The Guardian". 2005 Dec 20. – discusses speculation into the role of quantum systems in the origin of life
* [http://www.johnkyrk.com/evolution.html Evolution timeline] (uses Shockwave). Animated story of life since about 13,700,000,000 shows everything from the big bang to the formation of the earth and the development of bacteria and other organisms to the ascent of man.
* [http://www.sciam.com/article.cfm?chanID=sa006&articleID=0005FA5D-5F7C-1333-9F7C83414B7F0000 Scientific American Magazine (October 2005 Issue) A Cool Early Earth?]
* [http://cosmographica.com/gallery/portfolio/portfolio2007/content/442_CoolEarlyEarth_large.html Artist's Conception of Cold Early Earth]
* [http://www.mala.bc.ca/~johnstoi/essays/Hutton.htm Theory of the Earth]
* [http://www.uwmc.uwc.edu/geography/hutton/hutton.htm Theory of the Earth & Abstract of the Theory of the Earth]
Wikimedia Foundation. 2010.
Look at other dictionaries:
History of Earth — The history of Earth covers approximately 4.6 billion years (4,567,000,000 years), from Earth’s formation out of the solar nebula to the present. This article presents a broad overview, summarizing the leading, most current scientific… … Wikipedia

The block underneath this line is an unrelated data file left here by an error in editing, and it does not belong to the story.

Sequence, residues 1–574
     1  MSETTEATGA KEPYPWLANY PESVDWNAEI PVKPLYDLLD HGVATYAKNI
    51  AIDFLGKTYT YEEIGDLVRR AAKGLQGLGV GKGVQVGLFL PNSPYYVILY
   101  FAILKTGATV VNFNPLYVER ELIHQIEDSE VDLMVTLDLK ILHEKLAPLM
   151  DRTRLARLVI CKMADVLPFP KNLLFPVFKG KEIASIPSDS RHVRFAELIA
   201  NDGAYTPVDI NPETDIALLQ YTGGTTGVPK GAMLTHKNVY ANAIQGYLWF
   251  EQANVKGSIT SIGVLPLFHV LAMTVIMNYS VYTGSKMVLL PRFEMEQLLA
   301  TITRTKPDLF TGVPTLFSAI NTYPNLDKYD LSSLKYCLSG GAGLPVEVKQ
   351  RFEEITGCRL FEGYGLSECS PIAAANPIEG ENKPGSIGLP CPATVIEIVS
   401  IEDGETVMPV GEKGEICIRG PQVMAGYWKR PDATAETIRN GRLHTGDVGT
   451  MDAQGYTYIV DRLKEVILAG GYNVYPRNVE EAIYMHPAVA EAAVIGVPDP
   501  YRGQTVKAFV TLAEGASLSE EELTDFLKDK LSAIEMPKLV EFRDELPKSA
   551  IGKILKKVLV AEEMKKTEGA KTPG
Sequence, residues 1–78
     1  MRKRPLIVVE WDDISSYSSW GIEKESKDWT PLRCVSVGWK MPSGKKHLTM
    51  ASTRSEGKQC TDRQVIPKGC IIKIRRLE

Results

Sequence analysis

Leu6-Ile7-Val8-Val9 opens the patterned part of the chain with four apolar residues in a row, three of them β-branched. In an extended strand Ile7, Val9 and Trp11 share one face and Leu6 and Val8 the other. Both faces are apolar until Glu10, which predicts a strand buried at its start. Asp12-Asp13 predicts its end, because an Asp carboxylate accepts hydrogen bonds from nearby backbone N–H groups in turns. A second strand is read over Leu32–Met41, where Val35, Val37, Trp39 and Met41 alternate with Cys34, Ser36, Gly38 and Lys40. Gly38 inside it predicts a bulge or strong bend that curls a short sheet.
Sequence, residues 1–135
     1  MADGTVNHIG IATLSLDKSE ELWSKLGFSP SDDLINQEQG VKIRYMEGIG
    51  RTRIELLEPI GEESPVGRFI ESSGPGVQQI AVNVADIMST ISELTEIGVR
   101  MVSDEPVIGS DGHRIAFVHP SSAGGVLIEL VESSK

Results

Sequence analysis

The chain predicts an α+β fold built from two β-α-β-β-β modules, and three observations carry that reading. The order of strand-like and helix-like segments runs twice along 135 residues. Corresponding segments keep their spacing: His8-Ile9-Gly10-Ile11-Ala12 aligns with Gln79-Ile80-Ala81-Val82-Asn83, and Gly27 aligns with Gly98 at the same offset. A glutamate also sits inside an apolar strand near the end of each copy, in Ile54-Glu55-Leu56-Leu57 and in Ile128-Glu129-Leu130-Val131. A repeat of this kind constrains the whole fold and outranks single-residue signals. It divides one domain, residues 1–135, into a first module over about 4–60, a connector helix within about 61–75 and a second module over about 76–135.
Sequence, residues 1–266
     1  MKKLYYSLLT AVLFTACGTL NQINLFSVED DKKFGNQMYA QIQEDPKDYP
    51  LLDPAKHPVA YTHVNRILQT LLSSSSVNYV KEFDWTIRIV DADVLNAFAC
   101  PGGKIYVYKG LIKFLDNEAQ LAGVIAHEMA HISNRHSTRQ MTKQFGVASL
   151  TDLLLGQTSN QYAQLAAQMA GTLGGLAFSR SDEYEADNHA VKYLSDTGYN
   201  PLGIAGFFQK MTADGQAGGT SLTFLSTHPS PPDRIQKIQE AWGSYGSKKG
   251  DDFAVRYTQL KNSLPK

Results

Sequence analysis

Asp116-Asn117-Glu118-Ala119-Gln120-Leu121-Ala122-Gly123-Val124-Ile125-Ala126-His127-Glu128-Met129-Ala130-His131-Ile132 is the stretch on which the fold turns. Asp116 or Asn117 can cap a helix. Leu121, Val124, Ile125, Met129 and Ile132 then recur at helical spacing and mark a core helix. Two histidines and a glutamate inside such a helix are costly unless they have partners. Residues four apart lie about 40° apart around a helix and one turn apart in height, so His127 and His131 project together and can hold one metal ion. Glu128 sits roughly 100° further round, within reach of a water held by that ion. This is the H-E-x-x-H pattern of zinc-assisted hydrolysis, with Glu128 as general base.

Geological history — describes geological events that account for the stratigraphy, petrology and structure (see structural geology) seen in rocks or earth materials.See geologic timescale … Wikipedia
Geological history of India — The geological history of India started with the geological evolution of rest of the Earth i.e. 4.57 bya (billion years ago). India has a diverse geology. Different regions in India contain rocks of all types belonging to different geologic… … Wikipedia
History of the Earth — For the history of modern humans, see History of the world. Geological time put in a diagram called a geological clock, showing the relative lengths of the eons of the Earth s history The history of the Earth describes the most important events… … Wikipedia